From a dog training perspective the first thing you need to do is spay or neuter your dog(s) as soon as you possibly can. If you can do this early enough, ideally, at six months of age, this often halts marking altogether. If this is not possible or if your dog’s been marking for a prolonged period of time, he or she may continue to do so after being spayed or neutered, since a pattern of behavior will have been established.

Ensure you clean soiled areas thoroughly. Use a non-ammonia based cleaner, because it smells just like pee, and stay away from vinegar too, it smells similar to pee as well. Oxi-Clean mixed with warm water is particularly effective on these areas and there are also plenty of commercial cleaners designed specifically to lift pet stains and odors, which you can buy from pet stores and some supermarkets.

Because dogs tend to re-mark the same places, you’ll need to redefine the places that you know he’s marked to prevent repeat offending.

Many dog training experts will recommend the following ways to do this:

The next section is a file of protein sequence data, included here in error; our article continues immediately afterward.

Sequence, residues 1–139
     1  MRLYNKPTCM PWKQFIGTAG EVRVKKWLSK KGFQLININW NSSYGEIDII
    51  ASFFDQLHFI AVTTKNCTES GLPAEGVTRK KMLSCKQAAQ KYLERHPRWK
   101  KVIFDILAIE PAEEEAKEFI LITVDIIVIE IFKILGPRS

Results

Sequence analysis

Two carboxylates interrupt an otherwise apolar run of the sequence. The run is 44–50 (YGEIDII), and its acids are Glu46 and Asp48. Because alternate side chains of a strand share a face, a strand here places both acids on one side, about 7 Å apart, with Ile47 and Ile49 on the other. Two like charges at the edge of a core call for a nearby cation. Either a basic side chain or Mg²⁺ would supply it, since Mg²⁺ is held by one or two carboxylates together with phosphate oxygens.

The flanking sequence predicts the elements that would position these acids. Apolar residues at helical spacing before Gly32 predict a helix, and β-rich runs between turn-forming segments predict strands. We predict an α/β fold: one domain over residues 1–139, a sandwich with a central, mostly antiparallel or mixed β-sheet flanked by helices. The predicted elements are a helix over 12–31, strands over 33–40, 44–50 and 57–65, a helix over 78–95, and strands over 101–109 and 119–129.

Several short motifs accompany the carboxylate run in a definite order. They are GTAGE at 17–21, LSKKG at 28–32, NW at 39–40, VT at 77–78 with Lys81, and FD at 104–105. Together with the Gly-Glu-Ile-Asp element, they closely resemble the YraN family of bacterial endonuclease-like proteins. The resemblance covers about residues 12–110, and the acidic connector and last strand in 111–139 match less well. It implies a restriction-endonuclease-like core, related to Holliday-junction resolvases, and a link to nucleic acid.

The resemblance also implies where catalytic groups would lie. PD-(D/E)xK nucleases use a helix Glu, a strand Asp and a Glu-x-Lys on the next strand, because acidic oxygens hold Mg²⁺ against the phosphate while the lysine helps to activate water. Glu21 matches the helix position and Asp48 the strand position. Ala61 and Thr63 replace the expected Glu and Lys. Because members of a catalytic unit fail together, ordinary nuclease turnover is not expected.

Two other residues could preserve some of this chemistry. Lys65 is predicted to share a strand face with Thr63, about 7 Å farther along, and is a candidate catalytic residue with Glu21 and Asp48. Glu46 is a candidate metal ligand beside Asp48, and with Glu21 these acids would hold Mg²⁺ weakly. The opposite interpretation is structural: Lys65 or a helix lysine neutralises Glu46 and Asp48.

– Feed him next to or on top of the spot

– Play with him there

– Groom him there

– Put his bed over or next to it

– Spend time there yourself: hang out with a book or sit down and work

Finally, one particular aspect of dog training that is often overlooked is if there is rivalry between dogs in the household. In this case you will need to take steps to resolve it. Any conflict is likely to be hierarchical in nature (a ‘power struggle’), which means that all you have to do to stop the tension is pay attention to which dog seems to be more dominant than the other one (which one eats first, gets the toys he/she wants, ‘stares down’ another dog), and reinforce this position to establish the hierarchy.

So how do you do this? From a dog training perspective it is relatively simple. First, feed the dominant dog first. Pet him/her first. Give him/her a toy before anyone else gets one. This makes it clear to all dogs in the house which one really is the dominant dog. When this hierarchy’s been recognizably established, territorial and dominant behaviors like scent marking often vanish overnight.

Phil Donahoe